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Sirtuin 1

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**Function and Activation of Sirtuin 1**:
Sirtuin 1 is a member of the sirtuin protein family involved in regulating epigenetic gene silencing and suppressing rDNA recombination.
– It affects the activity of PGC1-alpha/ERR-alpha complex and deacetylates and deactivates the p53 protein.
– Activation of SIRT1 can be achieved through compounds like resveratrol, metformin, and other plant-derived polyphenols.
– Resveratrol, in particular, increases SIRT1 expression and directly activates SIRT1 against non-modified peptide substrates.
– SIRT1 activation has been linked to improving insulin sensitivity, modulating energy expenditure, and playing a role in T helper 17 cell activation.

**Interactions and Regulation of Sirtuin 1**:
– SIRT1 interacts with ERR-alpha, AIRE, and has numerous direct interactions in interactomic studies.
– Inhibition of SIRT1 can occur due to factors like high DNA damage reducing NAD+ levels and chronic inflammation affecting SIRT1 levels.
– SIRT1 regulation involves the AMPK signaling pathway, natural products targeting diabetes treatment, and modulators studied in liver injury.
– Targeting SIRT1 for metabolism improvement involves focusing on NAD+ levels and its essential role in central immunological tolerance.
– SIRT1 is a key player in NAD metabolism, potentially possessing protein ADP-ribosyltransferase activity.

**Sir2 and Longevity Research**:
– Sir2, the first gene of the sirtuin family, is crucial for an organism’s response to stresses and lifespan extension.
– Sir2 activity results in chromatin silencing, preventing rDNA circles’ accumulation and contributing to longevity.
– Studies on Sir2 have shown a 50% reduction in lifespan upon its deletion, highlighting its importance in regulating longevity.
– Research findings suggest that Sir2, along with other sirtuins, play a role in regulating lifespan and longevity through various pathways like calorie restriction.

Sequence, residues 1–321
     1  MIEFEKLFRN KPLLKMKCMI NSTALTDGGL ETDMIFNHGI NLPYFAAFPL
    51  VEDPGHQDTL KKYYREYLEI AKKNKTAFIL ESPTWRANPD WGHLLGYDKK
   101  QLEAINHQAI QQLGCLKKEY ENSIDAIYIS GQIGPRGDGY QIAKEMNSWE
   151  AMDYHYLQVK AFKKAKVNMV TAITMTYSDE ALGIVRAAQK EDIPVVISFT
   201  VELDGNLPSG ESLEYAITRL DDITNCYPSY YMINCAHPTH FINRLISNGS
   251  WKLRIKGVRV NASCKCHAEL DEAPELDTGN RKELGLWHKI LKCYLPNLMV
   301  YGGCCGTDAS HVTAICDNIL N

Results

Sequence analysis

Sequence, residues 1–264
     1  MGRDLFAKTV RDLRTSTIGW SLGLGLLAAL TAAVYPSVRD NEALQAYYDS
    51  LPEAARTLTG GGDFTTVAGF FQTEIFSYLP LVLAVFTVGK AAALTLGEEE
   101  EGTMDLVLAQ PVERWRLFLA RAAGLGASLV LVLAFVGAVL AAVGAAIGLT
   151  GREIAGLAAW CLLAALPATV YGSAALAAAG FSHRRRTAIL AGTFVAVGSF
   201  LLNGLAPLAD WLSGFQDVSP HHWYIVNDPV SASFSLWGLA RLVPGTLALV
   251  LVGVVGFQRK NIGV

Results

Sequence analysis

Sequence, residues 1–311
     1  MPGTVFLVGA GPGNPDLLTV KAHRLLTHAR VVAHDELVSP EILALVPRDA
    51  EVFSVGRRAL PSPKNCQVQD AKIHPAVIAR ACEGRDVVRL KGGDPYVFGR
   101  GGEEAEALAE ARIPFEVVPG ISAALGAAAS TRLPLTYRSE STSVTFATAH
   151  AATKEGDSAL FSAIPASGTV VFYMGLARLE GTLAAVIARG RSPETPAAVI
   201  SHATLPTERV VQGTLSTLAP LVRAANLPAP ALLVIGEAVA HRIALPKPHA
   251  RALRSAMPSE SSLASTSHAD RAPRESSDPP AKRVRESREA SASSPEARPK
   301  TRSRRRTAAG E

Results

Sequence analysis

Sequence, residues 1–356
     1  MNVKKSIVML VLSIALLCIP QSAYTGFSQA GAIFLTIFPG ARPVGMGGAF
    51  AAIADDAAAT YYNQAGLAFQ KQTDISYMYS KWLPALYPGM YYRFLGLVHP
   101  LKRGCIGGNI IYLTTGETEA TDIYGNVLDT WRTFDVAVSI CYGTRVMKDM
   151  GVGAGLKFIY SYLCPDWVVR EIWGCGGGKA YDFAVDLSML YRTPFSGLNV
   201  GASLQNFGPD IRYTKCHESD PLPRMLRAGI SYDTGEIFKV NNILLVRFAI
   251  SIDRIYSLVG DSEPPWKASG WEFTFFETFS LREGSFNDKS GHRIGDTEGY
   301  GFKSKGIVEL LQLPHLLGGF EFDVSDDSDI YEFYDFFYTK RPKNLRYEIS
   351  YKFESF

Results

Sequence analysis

**Molecular Mechanisms and Therapeutic Potential**:
– SIRT1 is involved in modulating NF-κB-dependent transcription, cell survival, and has antagonistic crosstalk with NF-κB in regulating inflammation.
– The SIRT1-NF-κB axis is a potential therapeutic target for alleviating inflammation in liver disease.
– Understanding SIRT1’s role in DNA repair, homologous recombination, and its link to human diseases could have therapeutic implications.
– Chronic inflammation (inflammaging) and the NF-kappaB pathway are associated with age-related diseases and can be modulated by SIRT1 deacetylase.
– Antagonistic crosstalk between SIRT1, PARP-1, and -2 regulates chronic inflammation in aging and metabolic diseases.

**Research Impact and External Links**:
– SIRT1’s implications in aging, metabolism, and neurodegeneration are being explored through various research studies.
– SIRT1 activation by allosteric activators has shown evidence in inhibiting steatosis, steatohepatitis, and improving metabolism.
– Research on SIRT1’s role in neurodegenerative diseases, interactomics, and phylogenetic classification of SIRT1-like proteins is ongoing.
– External links provide additional resources for studying SIRT1, its human gene location, and related hydrolases.
– Categorization of SIRT1 includes its gene location on human chromosome 10, association with aging-related proteins, and relevant webarchive templates.

Sirtuin 1 (Wikipedia)

Sirtuin 1, also known as NAD-dependent deacetylase sirtuin-1, is a protein that in humans is encoded by the SIRT1 gene.

Available structures
PDBOrtholog search: PDBe RCSB
AliasesSIRT1, SIR2L1, SIR2, hSIR2, SIR2alpha, Sirtuin 1
External IDsOMIM: 604479 MGI: 2135607 HomoloGene: 56556 GeneCards: SIRT1
RefSeq (mRNA)



RefSeq (protein)



Location (UCSC)Chr 10: 67.88 – 67.92 MbChr 10: 63.15 – 63.22 Mb
PubMed search
View/Edit HumanView/Edit Mouse

SIRT1 stands for sirtuin (silent mating type information regulation 2 homolog) 1 (S. cerevisiae), referring to the fact that its sirtuin homolog (biological equivalent across species) in yeast (Saccharomyces cerevisiae) is Sir2. SIRT1 is an enzyme located primarily in the cell nucleus that deacetylates transcription factors that contribute to cellular regulation (reaction to stressors, longevity).

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